Labour set to gain in council elections

Submitted by SJW on 28 March, 2018 - 6:53 Author: Keith Road

The local government election campaign has now started. On 3 May there will be elections in 150 councils, with 45 of these being all out. Corbyn’s Labour is expected to do well, particularly in big cities.

After May there will be more left-wing, Corbyn supporting councillors. There continue to be many stitch ups in Labour and plenty of right-wingers managed to be reselected however, including notable cases like Haringey, there has been an upsurge in newer and returned activists being selected. They will at least want to shake up the way that Labour has run local government since 2010.

Since 2010 there has been little resistance from Labour run councils to central government cuts. Cuts may not be the first choice of Labour councillors, but there has been little attempt from Labour build a fight to stop or reverse them.
In many areas Labour councillors boast about the money they have saved, how they have gone further than required to “improve efficiency.” But what is actually happening is the shutting down of libraries, of children’s centres and care provision for the elderly.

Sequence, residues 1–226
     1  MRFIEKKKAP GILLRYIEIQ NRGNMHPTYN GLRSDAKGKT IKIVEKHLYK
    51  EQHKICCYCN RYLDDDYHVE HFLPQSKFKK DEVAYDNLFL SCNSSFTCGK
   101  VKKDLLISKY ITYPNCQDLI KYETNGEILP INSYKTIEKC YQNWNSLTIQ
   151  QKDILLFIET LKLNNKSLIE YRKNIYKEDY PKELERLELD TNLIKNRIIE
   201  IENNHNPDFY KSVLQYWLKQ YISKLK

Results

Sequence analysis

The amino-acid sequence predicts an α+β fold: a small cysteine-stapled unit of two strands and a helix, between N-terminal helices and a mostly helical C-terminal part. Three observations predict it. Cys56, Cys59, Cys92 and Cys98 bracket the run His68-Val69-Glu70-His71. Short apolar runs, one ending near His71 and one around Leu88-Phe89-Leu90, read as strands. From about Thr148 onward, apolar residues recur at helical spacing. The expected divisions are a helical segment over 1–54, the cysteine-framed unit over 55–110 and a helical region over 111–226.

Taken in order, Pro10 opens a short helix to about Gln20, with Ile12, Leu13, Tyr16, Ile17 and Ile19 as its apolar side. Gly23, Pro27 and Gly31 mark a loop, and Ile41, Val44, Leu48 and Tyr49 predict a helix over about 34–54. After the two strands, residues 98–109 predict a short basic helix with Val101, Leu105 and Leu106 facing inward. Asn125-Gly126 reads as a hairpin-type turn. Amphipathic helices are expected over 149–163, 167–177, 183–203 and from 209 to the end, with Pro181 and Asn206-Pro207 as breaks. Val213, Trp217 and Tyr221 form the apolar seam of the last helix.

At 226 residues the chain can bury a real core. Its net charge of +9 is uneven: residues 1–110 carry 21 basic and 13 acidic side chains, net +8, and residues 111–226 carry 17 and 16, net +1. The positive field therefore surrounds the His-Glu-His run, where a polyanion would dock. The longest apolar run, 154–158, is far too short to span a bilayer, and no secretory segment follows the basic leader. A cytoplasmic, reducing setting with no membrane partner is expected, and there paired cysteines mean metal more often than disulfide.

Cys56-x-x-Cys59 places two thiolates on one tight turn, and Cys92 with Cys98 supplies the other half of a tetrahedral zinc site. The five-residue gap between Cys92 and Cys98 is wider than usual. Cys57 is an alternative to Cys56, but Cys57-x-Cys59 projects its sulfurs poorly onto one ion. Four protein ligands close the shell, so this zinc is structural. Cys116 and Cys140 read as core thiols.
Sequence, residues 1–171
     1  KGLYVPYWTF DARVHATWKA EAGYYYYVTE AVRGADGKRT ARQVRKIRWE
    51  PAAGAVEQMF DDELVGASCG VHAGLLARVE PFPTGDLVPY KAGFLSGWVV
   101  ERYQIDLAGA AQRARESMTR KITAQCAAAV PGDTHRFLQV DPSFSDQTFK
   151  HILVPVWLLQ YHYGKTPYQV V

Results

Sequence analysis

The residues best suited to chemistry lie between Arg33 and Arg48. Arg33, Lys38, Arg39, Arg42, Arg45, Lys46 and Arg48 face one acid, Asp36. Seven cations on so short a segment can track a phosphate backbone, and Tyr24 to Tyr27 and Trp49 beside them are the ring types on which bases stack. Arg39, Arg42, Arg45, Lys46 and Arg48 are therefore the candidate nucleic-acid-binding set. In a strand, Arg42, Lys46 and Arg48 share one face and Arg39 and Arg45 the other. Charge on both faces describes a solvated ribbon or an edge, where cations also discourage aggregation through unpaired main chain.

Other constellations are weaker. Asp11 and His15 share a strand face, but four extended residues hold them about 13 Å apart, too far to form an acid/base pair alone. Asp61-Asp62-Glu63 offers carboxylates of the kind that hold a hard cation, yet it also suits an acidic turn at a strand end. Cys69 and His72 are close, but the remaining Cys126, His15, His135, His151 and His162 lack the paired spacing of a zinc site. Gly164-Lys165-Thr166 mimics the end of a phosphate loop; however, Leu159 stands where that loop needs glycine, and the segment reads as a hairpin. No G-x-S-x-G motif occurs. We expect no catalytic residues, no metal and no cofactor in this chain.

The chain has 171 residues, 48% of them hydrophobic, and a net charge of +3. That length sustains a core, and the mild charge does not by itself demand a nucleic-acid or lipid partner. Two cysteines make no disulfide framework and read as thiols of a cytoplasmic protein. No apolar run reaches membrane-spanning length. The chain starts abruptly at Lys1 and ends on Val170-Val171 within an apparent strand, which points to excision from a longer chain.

There have been some victories against cuts to local services or unpopular schemes like the Haringey Development Vehicle, but now left-wing councillors will have to provide alternatives.

In Haringey local parties came together for a day-long conference to discuss the manifesto but the decisions could not be binding. In places where such discussions have not happened, local manifestos are likely to be uninspiring.

A single vote or even a handful of votes against a Labour group budget proposals is will be ineffective. Campaigning against the cuts, starting a fight against the government, and supporting strike action against job losses and cuts to service provision is central. All of this would be tremendously inspiring, and if it happened across the country could give the labour movement some confidence in defeating the government.

The leadership of the Labour Party have been unclear on what councillors should do. When Corbyn launched the local election campaign in Trafford, (where Labour needs to gain only one seat to take control from the Tories) his speech contained little strategy for Labour councils.

A key promise missing from Corbyn’s speech was what Labour would do about the spending cuts that have happened since 2010.

The obvious popular measure would be to call for these cuts to be reversed and for money to be returned to local councils so they can provide the services we need.

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